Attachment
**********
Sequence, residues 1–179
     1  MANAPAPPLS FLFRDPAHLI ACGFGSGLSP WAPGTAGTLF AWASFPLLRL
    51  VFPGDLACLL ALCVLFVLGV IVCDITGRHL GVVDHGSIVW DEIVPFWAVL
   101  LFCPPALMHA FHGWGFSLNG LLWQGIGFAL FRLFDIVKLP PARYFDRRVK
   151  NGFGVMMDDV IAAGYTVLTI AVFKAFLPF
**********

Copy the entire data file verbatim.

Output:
Sequence, residues 1–179
     1  MANAPAPPLS FLFRDPAHLI ACGFGSGLSP WAPGTAGTLF AWASFPLLRL
    51  VFPGDLACLL ALCVLFVLGV IVCDITGRHL GVVDHGSIVW DEIVPFWAVL
   101  LFCPPALMHA FHGWGFSLNG LLWQGIGFAL FRLFDIVKLP PARYFDRRVK
   151  NGFGVMMDDV IAAGYTVLTI AVFKAFLPF